Probably the most common thesis about the benefits of emotional tears is the catharsis theory. According to this, tears bring a psychological cleansing of the painful feelings and free people from their pent-up emotional imbalance by allowing themselves to fall into simple reactions. This view has found its way into everyday life in proverbs and sayings.

When the young woman at the dinner table gnaws absent-mindedly on her bun at the dinner table because she had a terrible argument with her boyfriend, she remembers the words she knew from her mother from childhood: “Yes, exactly, little girl, cry first of all, everything is strong from the soul. Then the world looks completely different again. "

We even offer seminars on crying - with the aim of making everyday life easier for the participants. "By crying you can become freer and more flexible and enjoy life more again," says the description of such an event, for example.

There is nothing to do with the catharsis theory. More detailed investigations have shown unequivocally that this assumption is a fallacy. Depressed people, for example, cry more often than average, but hardly relieve themselves of their psychological burden. The tears can only have a cleansing effect if the problem that caused them is actually solved. Or when, in the wake of tears, people give consolation and support, when social bonds are strengthened and support is offered. Otherwise, despite the crying, the discomfort will persist. It can even be intensified when such intimate tears flow in front of strangers or in public spaces. To defuse this situation, crying people often take refuge in smiling or laughing, as Cord Benecke observed during his interviews.

Ad Vingerhoets has tested another widespread thesis: It boils down to the fact that emotional tears wash stress hormones out of the body and thus have a calming effect. Vingerhoets measured whether emotional tears contain more stress hormones than basal or reflex tears. But he found no differences in the chemical composition - and refuted the thesis of reducing stress.

The research on emotional tears is very reluctant to come forward to new knowledge because it turns out to be very difficult. According to Vingerhoets, a key problem lies in the particular research measure used. A clear distinction should be made between the frequency of wine and the stimulus threshold of crying. The latter arises on the one hand from the general character of a person and on the other hand from the fluctuating selective state of mind that would be influenced by insomnia or alcohol, for example. Vingerhoets criticizes that test participants are often only given situations in which they should assess how likely it is that they will cry. Only the frequency of wine would be determined and the stimulus threshold would be completely disregarded. “The crying is usually not triggered by situations like a funeral or a breakup, because these are simply rather rare. It often occurs for trivial and mundane reasons. ”This suggests that a person's physiological or psychological state may be more important than the occasion.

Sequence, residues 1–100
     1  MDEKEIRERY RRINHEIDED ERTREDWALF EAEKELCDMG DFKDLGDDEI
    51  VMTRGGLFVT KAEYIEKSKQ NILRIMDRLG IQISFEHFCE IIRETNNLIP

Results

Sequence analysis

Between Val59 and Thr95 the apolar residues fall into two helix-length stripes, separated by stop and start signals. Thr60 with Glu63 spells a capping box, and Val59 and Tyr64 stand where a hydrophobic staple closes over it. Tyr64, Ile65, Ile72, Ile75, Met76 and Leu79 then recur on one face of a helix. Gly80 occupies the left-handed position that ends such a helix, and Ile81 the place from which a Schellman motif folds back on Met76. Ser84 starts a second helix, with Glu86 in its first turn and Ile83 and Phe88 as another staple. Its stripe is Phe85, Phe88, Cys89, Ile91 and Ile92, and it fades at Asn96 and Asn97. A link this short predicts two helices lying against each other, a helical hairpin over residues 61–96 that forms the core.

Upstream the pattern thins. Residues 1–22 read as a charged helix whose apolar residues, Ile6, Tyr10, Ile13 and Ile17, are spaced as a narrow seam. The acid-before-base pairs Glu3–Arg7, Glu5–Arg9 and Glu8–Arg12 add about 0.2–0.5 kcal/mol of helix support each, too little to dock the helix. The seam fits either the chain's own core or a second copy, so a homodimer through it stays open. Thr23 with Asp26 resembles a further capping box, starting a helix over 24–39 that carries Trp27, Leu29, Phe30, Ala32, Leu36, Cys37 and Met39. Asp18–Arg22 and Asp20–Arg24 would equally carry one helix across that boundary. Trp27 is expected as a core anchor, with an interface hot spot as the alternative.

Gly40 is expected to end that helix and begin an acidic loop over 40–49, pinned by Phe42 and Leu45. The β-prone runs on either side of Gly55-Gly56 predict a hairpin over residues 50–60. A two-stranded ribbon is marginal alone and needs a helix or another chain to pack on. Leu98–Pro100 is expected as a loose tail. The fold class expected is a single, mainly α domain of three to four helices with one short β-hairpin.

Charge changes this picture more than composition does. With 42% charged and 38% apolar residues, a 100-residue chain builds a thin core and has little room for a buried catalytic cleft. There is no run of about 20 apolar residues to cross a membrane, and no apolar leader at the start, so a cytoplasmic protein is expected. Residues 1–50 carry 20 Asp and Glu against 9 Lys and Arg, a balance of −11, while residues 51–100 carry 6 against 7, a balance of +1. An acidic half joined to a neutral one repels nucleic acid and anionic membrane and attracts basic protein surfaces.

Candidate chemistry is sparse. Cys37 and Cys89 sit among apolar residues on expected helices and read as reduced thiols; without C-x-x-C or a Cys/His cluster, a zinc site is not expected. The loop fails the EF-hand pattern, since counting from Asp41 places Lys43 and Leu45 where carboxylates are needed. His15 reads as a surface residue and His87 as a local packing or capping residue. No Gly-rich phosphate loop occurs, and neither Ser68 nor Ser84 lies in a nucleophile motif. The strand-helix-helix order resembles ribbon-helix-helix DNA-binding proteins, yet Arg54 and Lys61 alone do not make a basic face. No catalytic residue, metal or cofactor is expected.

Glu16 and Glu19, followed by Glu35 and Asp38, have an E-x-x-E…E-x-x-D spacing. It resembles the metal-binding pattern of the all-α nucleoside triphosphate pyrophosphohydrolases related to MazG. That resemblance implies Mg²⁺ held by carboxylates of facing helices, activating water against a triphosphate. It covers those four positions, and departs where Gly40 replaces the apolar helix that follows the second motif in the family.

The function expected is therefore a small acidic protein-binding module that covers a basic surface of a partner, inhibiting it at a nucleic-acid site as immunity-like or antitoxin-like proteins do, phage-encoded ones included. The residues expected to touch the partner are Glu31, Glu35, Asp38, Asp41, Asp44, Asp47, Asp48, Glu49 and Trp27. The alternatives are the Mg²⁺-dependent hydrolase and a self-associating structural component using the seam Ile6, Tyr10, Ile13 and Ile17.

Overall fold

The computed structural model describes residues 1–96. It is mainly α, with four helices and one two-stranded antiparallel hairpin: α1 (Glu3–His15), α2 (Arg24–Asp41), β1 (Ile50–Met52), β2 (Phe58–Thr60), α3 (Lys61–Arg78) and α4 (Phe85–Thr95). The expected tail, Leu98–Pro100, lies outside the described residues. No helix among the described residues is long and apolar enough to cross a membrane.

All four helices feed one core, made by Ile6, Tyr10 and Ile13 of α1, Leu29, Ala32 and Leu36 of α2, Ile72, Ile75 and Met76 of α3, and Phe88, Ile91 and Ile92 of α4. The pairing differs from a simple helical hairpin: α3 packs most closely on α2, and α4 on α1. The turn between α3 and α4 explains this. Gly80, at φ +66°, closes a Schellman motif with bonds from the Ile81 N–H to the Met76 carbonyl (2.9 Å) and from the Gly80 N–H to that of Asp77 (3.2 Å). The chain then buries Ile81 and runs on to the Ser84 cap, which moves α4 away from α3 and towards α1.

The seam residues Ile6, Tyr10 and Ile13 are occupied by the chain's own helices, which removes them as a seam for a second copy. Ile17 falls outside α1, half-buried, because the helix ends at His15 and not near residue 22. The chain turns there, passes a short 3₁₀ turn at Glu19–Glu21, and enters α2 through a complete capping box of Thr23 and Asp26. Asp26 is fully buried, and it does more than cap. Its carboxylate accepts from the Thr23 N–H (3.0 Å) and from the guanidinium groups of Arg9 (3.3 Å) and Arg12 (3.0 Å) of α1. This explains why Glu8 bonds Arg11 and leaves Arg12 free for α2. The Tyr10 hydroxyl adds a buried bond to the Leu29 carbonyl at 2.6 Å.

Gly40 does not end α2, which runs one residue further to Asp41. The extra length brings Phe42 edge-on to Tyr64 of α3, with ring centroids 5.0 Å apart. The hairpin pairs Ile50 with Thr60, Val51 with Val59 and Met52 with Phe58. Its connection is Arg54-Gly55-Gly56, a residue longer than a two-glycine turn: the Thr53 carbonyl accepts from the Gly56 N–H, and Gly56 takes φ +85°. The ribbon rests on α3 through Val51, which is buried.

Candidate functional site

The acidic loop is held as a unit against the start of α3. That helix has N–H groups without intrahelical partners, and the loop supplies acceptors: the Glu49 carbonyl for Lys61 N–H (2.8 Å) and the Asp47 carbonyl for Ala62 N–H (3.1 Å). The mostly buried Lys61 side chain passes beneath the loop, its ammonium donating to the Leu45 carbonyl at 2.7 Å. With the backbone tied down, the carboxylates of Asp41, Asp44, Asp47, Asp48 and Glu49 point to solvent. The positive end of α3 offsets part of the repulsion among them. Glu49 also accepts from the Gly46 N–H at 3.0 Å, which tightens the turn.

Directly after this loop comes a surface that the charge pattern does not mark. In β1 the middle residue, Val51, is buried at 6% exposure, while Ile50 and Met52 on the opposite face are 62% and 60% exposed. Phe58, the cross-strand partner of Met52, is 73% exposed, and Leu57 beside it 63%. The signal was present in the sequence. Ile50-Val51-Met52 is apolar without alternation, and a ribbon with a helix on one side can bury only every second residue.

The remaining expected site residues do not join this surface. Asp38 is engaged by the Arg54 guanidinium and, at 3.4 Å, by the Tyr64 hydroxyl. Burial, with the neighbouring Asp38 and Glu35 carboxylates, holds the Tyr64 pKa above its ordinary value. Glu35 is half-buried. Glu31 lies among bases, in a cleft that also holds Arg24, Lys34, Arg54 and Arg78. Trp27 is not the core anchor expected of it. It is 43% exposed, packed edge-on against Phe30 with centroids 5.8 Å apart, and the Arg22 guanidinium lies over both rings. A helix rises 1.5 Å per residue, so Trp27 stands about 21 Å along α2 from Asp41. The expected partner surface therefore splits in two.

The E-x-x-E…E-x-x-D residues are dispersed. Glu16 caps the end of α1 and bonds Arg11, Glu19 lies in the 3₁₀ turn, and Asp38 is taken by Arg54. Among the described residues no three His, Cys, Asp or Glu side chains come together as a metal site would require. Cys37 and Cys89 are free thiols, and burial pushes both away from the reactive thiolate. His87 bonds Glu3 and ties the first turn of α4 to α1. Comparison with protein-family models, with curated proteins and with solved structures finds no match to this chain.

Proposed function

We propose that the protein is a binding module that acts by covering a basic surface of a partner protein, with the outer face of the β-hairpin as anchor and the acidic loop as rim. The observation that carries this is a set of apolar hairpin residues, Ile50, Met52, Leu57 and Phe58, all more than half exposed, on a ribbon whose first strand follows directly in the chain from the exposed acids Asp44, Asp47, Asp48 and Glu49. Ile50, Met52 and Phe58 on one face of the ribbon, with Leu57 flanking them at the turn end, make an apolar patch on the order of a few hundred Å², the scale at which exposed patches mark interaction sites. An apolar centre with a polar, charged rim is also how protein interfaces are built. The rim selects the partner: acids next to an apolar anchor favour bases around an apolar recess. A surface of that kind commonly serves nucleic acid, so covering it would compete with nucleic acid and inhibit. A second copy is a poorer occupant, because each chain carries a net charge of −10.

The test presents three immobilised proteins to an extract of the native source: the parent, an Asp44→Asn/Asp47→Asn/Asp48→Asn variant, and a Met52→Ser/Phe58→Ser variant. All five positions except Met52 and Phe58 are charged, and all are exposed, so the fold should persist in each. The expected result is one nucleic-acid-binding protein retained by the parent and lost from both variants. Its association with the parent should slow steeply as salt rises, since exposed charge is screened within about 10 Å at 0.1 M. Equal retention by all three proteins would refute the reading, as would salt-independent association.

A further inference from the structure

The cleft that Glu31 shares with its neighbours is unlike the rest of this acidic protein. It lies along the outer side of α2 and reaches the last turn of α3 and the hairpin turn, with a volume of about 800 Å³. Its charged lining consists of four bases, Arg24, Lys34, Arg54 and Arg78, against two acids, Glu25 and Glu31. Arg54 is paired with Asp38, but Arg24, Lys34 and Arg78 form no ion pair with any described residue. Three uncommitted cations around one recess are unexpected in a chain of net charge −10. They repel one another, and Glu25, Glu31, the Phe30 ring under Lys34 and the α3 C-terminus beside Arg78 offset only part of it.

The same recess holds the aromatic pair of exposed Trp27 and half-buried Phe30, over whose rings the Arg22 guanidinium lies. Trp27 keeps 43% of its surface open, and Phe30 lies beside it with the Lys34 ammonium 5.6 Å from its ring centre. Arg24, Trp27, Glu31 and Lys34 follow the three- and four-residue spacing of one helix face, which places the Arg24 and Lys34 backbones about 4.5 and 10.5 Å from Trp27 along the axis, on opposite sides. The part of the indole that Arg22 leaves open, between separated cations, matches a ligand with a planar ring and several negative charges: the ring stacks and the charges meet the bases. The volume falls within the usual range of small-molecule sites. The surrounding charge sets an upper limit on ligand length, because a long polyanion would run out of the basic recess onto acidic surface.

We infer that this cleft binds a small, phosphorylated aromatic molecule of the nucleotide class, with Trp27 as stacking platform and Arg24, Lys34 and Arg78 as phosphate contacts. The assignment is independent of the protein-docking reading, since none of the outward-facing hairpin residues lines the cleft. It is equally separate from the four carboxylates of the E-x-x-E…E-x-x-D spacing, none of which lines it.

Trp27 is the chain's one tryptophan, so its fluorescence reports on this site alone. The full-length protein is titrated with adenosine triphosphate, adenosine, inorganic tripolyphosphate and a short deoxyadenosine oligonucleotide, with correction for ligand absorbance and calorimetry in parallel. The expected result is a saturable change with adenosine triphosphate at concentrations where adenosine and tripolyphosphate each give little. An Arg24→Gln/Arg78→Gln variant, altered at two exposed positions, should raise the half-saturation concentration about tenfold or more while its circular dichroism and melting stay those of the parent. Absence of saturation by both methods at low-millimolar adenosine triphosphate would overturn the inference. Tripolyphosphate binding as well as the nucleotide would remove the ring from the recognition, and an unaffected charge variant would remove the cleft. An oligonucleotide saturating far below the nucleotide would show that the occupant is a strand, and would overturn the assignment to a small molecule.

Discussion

When crying emotional tears, people are a secret to themselves. Kind of reassuring too. Or not?

Image: Maximilian Liesner CC-BY-SA

The question now arises whether it might not even serve people that emotional tears are not fully theoretically explainable and transparent. A person would remain a secret from himself. After all, not every emotional impulse, which is actually individual and personality-creating, has to be interpreted theoretically immediately! Research does not want to be satisfied with this view: "I find the thesis nonsensical," contradicts Elisabeth Messmer. “In my opinion, it is extremely sad that, for example, so little is known about the central interconnection of emotions. Knowing about a phenomenon always facilitates understanding, and that is precisely what is very important in the case of emotional tears. "Ad Vingerhoets mentions another point: the therapy of mental illnesses:" Medical treatment methods differ significantly in the use of crying. While some doctors forbid their patients to cry during the course of therapy, others see tears as an important signal for therapeutic progress. "Now who is right? Only exact science can clarify this.

So it is probably too early to draw a general conclusion. Because so far you can only tell: people sometimes cry to attract attention, sometimes out of pity, sometimes for hormonal reasons. Sometimes the tears improve your emotional state, sometimes not. Some connections have already been clarified, many are still missing. Science is interested in the discovery of further phenomena so that people get to know their own emotionality better and better. In doing so, he may lose a secret about himself, but he can benefit greatly from the new knowledge. Describing emotions in scientific terminology may seem strange, but it helps to be able to handle mental crises better and better.